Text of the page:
I’m a sore loser.
I’ll admit it. The act of losing gracefully has always been lost on me. I’m notoriously bad at processing rejection; I’m talking despondent, over-aggravated, no-longer-invited-to-family-game-night levels of sore loserdom. I’m not, thankfully, the type of sore loser who resents the winners, nor am I particularly loud about my dissatisfaction about losing, but for whatever reason, rejection puddles my emotions. The word “lose” always felt appropriate as a contrast of “win”, because to not win always inspired grief, like there was an opportunity cradled in my arms and I fumbled and lost it. I just can’t help but take it personally.
The art of publishing is at least 85 percent processing rejection. Writers draft and redraft and redraft and send pieces out to prestigious literary magazines and three months later the “declined” message bores into our eyes like a missile. Especially teen writers, who have their own pressure-cookers, internship applications and YoungArts portfolios and college resumes, that all but promise eventual rejection. Writing is about learning to lose well. Which is hard. We send pieces into the universe because we adore them, and often, the universe delivers them back with a form email reading “we’re thankful for your work, however, we regret to inform you…”
Jen Karetnick wrote an expose on teen writing competitions for The Atlantic, in which she explored the incentive for writers to outwit the literature, staking their emotional lives on the results of a select few writing competitions. She found thousands of children who loved writing until writing stopped being an escape and became the thing to escape from. Assigning hierarchy and competition to writing is, of course, a natural extension of scarcity culture. There are never enough resources, never enough space for everyone to exist fruitfully. The result is predictable, as studied as the writing it produces: when we apply a capitalistic mindset to writing, the art feels like a job. When writing is something that can be “lost,” we work overtime to ensure we never lose.
We still lose relentlessly.
The art of publishing is at least 85 percent processing rejection. Writers draft and redraft and redraft and send pieces out to prestigious literary magazines and three months later the “declined” message bores into our eyes like a missile.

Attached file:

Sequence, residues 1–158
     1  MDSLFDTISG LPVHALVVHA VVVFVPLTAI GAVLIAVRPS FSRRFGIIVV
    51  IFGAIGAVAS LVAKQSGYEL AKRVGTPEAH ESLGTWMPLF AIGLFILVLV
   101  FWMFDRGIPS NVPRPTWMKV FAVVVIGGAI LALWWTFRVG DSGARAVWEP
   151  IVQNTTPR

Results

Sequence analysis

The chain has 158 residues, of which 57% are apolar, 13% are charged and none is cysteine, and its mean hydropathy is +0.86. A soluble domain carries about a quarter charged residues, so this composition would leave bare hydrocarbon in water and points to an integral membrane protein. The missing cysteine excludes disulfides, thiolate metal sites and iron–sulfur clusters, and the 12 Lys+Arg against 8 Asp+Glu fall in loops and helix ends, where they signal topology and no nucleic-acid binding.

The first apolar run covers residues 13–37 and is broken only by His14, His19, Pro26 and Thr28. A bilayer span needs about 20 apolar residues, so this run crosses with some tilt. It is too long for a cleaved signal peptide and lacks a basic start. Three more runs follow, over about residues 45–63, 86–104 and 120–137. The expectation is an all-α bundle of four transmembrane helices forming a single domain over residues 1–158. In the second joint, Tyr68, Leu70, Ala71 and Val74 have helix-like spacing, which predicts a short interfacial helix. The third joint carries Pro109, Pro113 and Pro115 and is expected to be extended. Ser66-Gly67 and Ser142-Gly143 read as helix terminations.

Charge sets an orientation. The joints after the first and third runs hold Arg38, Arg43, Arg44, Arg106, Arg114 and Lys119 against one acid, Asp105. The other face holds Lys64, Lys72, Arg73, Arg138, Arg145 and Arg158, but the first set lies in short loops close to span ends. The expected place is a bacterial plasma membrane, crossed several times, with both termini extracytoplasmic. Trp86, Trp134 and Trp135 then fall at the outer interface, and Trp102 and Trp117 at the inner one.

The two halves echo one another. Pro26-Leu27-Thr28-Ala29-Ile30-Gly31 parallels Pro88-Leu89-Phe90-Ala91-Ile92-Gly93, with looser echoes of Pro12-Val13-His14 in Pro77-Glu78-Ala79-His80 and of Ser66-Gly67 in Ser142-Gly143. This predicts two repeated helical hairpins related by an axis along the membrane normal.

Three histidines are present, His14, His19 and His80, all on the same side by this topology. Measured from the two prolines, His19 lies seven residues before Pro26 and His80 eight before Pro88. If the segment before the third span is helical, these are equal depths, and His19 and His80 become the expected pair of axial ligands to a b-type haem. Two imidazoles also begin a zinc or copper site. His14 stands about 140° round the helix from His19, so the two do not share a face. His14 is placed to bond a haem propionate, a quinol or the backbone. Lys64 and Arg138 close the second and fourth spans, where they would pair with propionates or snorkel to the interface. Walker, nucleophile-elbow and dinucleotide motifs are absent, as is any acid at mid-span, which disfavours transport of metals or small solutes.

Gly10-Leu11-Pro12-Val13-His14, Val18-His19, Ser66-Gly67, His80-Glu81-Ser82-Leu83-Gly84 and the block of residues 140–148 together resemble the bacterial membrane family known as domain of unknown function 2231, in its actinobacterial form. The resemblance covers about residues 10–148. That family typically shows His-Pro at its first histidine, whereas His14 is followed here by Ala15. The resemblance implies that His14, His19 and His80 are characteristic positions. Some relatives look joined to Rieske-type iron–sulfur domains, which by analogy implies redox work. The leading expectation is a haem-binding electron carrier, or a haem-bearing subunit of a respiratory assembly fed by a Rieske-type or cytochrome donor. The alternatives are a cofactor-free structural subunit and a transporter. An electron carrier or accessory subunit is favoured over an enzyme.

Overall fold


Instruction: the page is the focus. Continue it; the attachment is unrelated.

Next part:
Again, writing is about learning to lose well. There is value in redrafts and restructurings. In an interview with The Rumpus, Maggie Nelson coined the wonderful term “drawer time,” the act of giving oneself space away from their work, a form of purgatory. The most charitable thing that we can do for our work is acknowledge that it can be better, that soon we will be better writers capable of writing pieces that we can’t write today. The rewrite isn’t an admission of failure, rather an exploration of possibility. It acknowledges that we are ever-evolving artists. The publishing world dulls this phenomenon; it requires work to be Done with a capital D. You can’t re-edit a work that’s already in a submission queue. And once results are out. Your work either was good enough or it wasn’t. You win or you lose. All the joy of loss, its generativeness, is lost behind the swell of grief our culture has associated with it.
So what authority do I have on processing rejection? I’m openly terrible at it. Like, comically terrible at it. I “lose well” in other ways; I redraft and re-edit and don’t allow the sting of rejection to stop me from creating more. But still, when faced with loss I crumble. We’ve heard the advice before: Ignore prestige. Submit to magazines. More magazines. Not too many. Accept rejection. Collect rejections. Expect rejection. Expect rejection. Expect rejection. This is great advice. We have to steel ourselves to loss. Again, writing is about learning to lose well. But there’s an implied mandate here to truck along with rejection after rejection as if that isn’t outrageously exhausting.
It would be amazing if we could divorce ourselves from the context of our word, if there were unlimited spaces for publication and unlimited jobs for writers and nobody ever had to lose. But we don’t. Writing is about learning to lose well because the world demands that of us. Loss can be useful; it’s functionally necessary. But loss hurts. It’s a grief, after all. And often, we demand nonchalance from ourselves. We dedicate our frenzy and passion to work and then expect ourselves to release ourselves from the final project. It’s emotionally unsustainable. I wrote this column for everyone who feels guilty every time they cry over a rejection letter, as if it is unproductive or unnecessary. I wrote this column for every sore loser, so full of emotion they burst.
Writing is about learning to lose well, and I think that part of “losing with grace” is giving ourselves grace when loss devastates us.
Christian Butterfield is an 18-year-old poet/essayist/totebag-enthusiast from Bowling Green, Kentucky. In 2019, he served as the National Student Poet of the Southeast, and his work has since been published/recognized by Best Teen Writing, the YoungArts Foundation and The Adroit Journal. He reads for EX/POST Magazine and was a 2020 Adroit Mentee in Creative Nonfiction.